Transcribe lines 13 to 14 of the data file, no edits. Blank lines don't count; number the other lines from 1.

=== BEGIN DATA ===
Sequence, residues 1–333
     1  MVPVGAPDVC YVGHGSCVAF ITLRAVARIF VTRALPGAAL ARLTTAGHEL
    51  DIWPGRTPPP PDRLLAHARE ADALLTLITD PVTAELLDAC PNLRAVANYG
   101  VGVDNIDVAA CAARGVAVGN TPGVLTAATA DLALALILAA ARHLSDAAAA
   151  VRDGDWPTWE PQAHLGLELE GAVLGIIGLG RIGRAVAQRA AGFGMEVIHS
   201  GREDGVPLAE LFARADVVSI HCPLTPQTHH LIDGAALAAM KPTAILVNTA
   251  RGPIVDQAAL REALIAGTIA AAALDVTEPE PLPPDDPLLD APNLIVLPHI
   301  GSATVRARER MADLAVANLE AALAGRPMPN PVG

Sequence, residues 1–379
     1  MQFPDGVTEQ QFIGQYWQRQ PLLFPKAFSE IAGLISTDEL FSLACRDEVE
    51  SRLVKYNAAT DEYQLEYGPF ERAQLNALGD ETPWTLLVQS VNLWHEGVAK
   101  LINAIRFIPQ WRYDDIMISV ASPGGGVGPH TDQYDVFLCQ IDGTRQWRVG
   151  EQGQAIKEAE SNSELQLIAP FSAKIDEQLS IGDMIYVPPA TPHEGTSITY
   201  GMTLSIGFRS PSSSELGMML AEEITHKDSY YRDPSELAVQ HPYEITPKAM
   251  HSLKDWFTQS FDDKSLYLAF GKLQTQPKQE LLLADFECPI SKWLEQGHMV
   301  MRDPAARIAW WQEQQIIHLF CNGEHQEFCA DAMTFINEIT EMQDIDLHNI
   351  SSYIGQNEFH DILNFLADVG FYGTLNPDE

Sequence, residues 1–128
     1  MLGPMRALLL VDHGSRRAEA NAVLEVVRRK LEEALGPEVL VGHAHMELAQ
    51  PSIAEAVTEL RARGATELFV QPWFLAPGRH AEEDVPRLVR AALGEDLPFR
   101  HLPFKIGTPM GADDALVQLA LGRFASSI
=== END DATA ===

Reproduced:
   151  EQGQAIKEAE SNSELQLIAP FSAKIDEQLS IGDMIYVPPA TPHEGTSITY
   201  GMTLSIGFRS PSSSELGMML AEEITHKDSY YRDPSELAVQ HPYEITPKAM